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In many nations, criminal law does not apply to corporations, but in t

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Joined: 19 Jun 2016
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Re: In many nations, criminal law does not apply to corporations, but in t [#permalink]

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New post 23 Feb 2017, 10:48
In many nations, criminal law does not apply to corporations, but in the United States today, a corporation commits a crime whenever one of its employees commits a crime, if the employee acted within the scope of his or her authority and if the corporation benefited as a result.

A. a corporation commits a crime whenever one of its employees commits a crime, if the employee acted correct

B. a corporation is committing a crime whenever one of its employees committed a crime, if those employees were acting

C. corporations commit a crime whenever one of its employees does, on the condition that the employee acts

D. corporations commit crimes whenever an employee of those corporations commit a crime, if it was while acting

E. the corporation whose employees commit a crime, commits a crime, whenever the employee acted wordy


"acted" and "benefited" are parallel to each other so ignore option B,C & D

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Re: In many nations, criminal law does not apply to corporations, but in t [#permalink]

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New post 31 Mar 2017, 01:26
Hi mikemcgarry,
I have no objection with the correct answer.
However,can you please elaborate more on the shift of tense in option (A).
IMHO,the second part after "but" explains the condition of criminal law.If this condition is met,something happens.
Why the tense are not all in present tense in this part?

Thanks :-)

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Magoosh GMAT Instructor
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Re: In many nations, criminal law does not apply to corporations, but in t [#permalink]

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New post 31 Mar 2017, 10:31
sleepynut wrote:
Hi mikemcgarry,
I have no objection with the correct answer.
However,can you please elaborate more on the shift of tense in option (A).
IMHO,the second part after "but" explains the condition of criminal law.If this condition is met,something happens.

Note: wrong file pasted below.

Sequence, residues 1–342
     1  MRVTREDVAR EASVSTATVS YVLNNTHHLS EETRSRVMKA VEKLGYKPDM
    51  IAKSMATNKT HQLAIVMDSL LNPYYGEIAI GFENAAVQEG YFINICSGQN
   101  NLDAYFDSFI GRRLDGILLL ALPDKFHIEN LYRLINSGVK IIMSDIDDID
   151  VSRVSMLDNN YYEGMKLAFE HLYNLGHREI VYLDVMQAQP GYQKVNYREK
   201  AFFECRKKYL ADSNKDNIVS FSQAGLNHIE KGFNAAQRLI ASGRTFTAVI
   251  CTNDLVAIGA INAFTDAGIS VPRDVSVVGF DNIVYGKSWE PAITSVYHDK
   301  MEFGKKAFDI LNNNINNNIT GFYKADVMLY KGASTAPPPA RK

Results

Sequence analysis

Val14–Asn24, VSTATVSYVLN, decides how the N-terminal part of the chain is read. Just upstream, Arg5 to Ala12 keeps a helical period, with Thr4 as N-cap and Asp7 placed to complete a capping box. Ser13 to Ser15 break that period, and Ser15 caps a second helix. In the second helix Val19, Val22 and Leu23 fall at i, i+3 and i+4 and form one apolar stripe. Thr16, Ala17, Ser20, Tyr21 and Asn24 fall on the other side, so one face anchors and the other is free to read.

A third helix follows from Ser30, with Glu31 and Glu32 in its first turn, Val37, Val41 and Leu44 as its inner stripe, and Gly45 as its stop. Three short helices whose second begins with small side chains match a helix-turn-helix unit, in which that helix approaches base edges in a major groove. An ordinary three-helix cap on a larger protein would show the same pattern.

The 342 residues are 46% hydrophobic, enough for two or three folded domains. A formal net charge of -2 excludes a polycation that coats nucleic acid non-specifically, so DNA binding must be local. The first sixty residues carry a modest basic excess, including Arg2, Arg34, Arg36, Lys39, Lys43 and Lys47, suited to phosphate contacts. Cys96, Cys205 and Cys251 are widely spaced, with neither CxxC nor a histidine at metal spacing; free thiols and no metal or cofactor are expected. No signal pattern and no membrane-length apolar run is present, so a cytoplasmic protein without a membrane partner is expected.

Why the tense are not all in present tense in this part?

Thanks :-)

Dear sleepynut

I'm happy to respond. :-)

This is a somewhat unusual construction. It sounds perfectly natural to a native speaker, but I can see that it would be puzzling to a non-native speaker.

The basic idea is that there's a time lag between the actions and the evaluation of the actions. You see, if someone steal a car or breaks into a house, these actions are unambiguously crimes, and so the crime is the same as the action and they both happen at the same time. With a complex corporate situation, it's much more ambiguous. Several actors are doing several different things, some responding to direct orders, some responding to company protocols, some acting on their own initiative. A set of consequences arises from all these actions that fall outside what ordinarily would result from legal behavior. Somebody has to investigate, and it may be weeks or months later before this investigator reaches the conclusion that what happened much earlier constituted a crime. The verbs "commits" are in the present, because the judgment that it is a crime is in the present: really, it's a general rule, which is always spoken in the present. The verbs after the comma, about the individual actions themselves, are in the past because invariably they happened long before any judgment is rendered.

Does all this make sense?
Mike :-)
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Re: In many nations, criminal law does not apply to corporations, but in t [#permalink]

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New post 15 Jun 2017, 19:28
B is wrong because V-ing ins stricted in gmat
C is out because of verb agreement, "corporations" and "its employees"
D is incorrect because of unclear and wrong pronoun "if it was while", this also sounds aliened.
E first discusses "employees", then talks about "the employee", so E cannot be the answer.

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Re: In many nations, criminal law does not apply to corporations, but in t [#permalink]

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New post 27 Sep 2017, 06:17
Hello Experts,

This sentence has the below formation in Option A. I am assuming it is a valid construction - right?

Prepositional Phrase, Independent Clause, Prepositional Phrase, Independent Clause , Dependent Clause

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Re: In many nations, criminal law does not apply to corporations, but in t   [#permalink] 27 Sep 2017, 06:17

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